By Susan Bradley
Twenty years ago, Nova Scotia’s trucking industry was grappling with increasing injury rates and rising Workers Compensation premiums. Spurred by the high human and economic costs, the Regional Industry Training Committee (RITC) for the trucking industry, headed by a volunteer Board of Directors, began discussions with trucking companies and occupational health and safety experts to try to reduce the trend.
The most effective solution was to form an industry-led association that would provide leadership, offer quality, industry-specific workplace health and safety programs, safety audits and ongoing communication and support for the trucking industry. The goal of the association was to assist the membership in reducing workplace injuries and fatalities.
In 1999, through an Order in Council in the provincial legislature, then headed by Labour Minister Ron Russell, the Nova Scotia Trucking Safety Association (NSTSA) was incorporated. Led by a volunteer Board of Directors, made up of trucking industry leaders, it is funded by a small levy collected on WCB premiums paid to the Workers Compensation Board of Nova Scotia, by companies in the following classification codes: 4561 General Trucking, 4562 Moving & Storage, 4563 Bulk Liquid, 4564 Dry Bulk and 4569 Trucking Other. And the Nova Scotia Trucking Safety Association was formed! The levy is what NSTSA uses to develop and deliver industry specific materials and services at no, or low, cost to the membership.
Executive Director Linda Corkum has been part of the association since 2004. She has watched the injury rate decline overtime, something she says can be attributed to the education, training programs we offer as well as the safety audits the members have undergone.
“Our goal is to increase through education and training the number of employees committed to workplace health and safety and to the safety of others when no one is watching.” Safety is about protecting our greatest asset: our employees, she says. “It’s a good feeling. We strengthen the industry by keeping our people safe.”
The association is very proactive in the types of services and program it offers to assist the ever-changing needs of the industry. “We have become a resource centre for anything related to occupational health and safety in trucking including mental health and wellness. We are a one-stop shop,” Corkum says. “The latest figures show that over the last five years, the numbers of injuries have decreased by 25% and the time-loss claims for our member companies have dropped by 56%. So, the non-profit association takes its programs on the road, offering training in different parts of the province and charging a minimal rate for cost recovery.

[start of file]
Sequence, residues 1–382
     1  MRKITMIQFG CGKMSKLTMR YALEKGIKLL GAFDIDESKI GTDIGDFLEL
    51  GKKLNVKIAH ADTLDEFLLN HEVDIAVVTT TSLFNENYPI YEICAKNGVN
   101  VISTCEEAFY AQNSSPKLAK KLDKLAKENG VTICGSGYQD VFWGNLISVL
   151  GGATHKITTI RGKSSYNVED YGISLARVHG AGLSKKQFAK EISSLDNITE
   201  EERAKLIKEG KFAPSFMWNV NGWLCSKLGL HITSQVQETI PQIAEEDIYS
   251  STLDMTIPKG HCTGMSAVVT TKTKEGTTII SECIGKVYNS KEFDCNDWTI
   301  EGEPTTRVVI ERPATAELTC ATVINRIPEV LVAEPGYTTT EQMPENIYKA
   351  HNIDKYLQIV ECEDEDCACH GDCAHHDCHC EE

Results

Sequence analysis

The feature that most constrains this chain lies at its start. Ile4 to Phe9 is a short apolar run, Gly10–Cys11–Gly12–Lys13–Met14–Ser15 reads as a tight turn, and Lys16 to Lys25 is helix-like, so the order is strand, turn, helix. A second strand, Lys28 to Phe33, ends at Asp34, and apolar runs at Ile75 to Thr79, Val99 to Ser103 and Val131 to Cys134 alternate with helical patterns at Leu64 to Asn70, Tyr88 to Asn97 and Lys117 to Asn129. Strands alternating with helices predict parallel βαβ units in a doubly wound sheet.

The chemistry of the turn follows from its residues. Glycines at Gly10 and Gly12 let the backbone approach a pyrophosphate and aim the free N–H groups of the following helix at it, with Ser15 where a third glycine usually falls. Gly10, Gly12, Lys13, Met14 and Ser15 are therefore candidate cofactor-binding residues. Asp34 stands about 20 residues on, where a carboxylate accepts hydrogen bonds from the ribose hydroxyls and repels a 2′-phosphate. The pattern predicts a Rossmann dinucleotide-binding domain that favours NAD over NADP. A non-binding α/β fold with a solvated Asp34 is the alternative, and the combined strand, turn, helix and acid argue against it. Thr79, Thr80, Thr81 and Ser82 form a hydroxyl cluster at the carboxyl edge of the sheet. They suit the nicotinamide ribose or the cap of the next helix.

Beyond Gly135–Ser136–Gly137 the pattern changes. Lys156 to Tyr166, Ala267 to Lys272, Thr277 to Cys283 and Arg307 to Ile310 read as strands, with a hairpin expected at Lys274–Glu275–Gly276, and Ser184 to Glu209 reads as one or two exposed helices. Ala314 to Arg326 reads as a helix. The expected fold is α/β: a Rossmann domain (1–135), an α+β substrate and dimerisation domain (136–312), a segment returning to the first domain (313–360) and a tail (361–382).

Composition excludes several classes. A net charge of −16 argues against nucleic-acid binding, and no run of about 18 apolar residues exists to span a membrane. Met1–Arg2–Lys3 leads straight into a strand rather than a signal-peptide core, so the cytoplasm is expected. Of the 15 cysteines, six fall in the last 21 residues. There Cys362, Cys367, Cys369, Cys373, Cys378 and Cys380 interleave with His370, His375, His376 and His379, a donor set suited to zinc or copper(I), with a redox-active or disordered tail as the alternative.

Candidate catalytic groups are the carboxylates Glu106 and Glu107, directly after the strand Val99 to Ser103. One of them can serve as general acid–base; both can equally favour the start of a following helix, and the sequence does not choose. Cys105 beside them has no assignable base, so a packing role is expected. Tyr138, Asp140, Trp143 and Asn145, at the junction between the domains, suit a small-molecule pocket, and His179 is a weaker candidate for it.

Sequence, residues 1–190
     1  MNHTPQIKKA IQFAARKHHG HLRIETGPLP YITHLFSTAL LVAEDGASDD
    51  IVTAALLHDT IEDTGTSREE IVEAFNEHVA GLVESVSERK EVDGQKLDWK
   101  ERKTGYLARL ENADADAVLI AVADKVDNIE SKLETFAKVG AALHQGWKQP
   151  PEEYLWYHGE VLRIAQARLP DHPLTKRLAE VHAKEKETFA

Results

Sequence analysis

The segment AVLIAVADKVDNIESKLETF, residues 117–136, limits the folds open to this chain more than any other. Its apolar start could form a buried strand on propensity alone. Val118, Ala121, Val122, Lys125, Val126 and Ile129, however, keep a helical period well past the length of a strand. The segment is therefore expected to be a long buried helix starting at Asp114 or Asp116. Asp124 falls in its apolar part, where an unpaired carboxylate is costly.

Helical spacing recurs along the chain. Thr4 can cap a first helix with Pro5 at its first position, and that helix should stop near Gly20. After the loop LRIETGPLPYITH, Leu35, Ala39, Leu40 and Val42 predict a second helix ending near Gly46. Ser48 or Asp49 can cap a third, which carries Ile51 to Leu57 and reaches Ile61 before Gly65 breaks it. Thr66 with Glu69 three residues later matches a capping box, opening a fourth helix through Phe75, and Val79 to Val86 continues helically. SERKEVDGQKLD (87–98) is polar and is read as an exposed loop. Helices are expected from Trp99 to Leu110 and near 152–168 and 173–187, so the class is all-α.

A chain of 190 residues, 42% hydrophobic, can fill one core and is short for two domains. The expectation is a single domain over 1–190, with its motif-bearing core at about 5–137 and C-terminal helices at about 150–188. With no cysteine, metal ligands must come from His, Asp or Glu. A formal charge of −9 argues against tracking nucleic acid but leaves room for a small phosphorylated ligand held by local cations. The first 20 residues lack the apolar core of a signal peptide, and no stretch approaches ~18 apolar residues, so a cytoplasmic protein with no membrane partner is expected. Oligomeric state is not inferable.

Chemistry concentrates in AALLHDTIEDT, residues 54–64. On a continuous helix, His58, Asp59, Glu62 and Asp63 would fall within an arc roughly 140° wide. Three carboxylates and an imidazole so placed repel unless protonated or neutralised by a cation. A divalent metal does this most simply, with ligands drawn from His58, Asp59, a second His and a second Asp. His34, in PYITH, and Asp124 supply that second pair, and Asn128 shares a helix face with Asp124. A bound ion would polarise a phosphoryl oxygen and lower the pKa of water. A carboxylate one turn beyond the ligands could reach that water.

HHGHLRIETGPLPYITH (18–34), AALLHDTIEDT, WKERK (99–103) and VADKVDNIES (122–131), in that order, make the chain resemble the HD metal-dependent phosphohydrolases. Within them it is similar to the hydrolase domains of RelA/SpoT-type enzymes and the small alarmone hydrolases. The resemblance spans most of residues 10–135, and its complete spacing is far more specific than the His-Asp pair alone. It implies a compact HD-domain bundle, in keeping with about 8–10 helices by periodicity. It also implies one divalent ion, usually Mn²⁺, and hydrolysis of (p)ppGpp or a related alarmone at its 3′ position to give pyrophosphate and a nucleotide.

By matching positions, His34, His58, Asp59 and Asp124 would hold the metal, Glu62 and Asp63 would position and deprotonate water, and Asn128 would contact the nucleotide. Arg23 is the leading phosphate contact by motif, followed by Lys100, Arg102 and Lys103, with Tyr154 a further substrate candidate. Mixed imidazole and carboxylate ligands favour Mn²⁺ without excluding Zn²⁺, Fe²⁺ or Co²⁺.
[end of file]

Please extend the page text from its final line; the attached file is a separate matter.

Most training is offered between September and May to accommodate the industry’s busy summer season.
In an aging workforce – the average age is 55 – it is important to protect the health of employees, Corkum notes. Another benefit of the training programs is bringing people who work in trucking together. “When you bring people together, they talk about what they’ve learned and will exchange ideas and tips about safety practices,” Corkum says. Feedback from our course surveys strongly states that the preferred method of our training is in a classroom setting, she says.
However, we know that many companies are moving towards online training and as a training resource centre, we too, are moving in that direction for some of our programs. We will continue to offer the in-class training as well as that’s what our industry prefers, she says.
Corkum says strains and sprains are the most common causes of injuries largely due to improper lifting or over extension. The most common area of injury is to the back followed by injuries to the shoulders and ankles. All of which are preventable. The second most common causes are slips, trips and falls, generally occurring when truckers are entering and exiting their vehicles. Wearing non-slip footwear, using three points of contact when entering and exiting their cabs can help eliminate these serious injuries, Corkum says.
“The average time a worker is off work as a result of a workplace injury is eight weeks and the trend is increasing,” she says.
We know that although a worker has sustained a physical injury, there are also psychological impacts. Recovering from the physical injury may be successful, however, the psychological component of the injury may not be and in some cases, remains untreated.
This is one of the reasons why we invested in having facilitators trained to by the Mental Health Commission of Canada to provide “The Working Mind” program. It has been amazing to see how these sessions have helped those who have attended share how their mental health has been impacted in these group sessions, Corkum says, adding the stigma around mental health is huge and we have a role to play in helping to remove that stigma. Recently, to help combat injuries, the association developed a cargo/load securement program in 2018. It was officially launched in 2019 and attendance is at capacity at each session.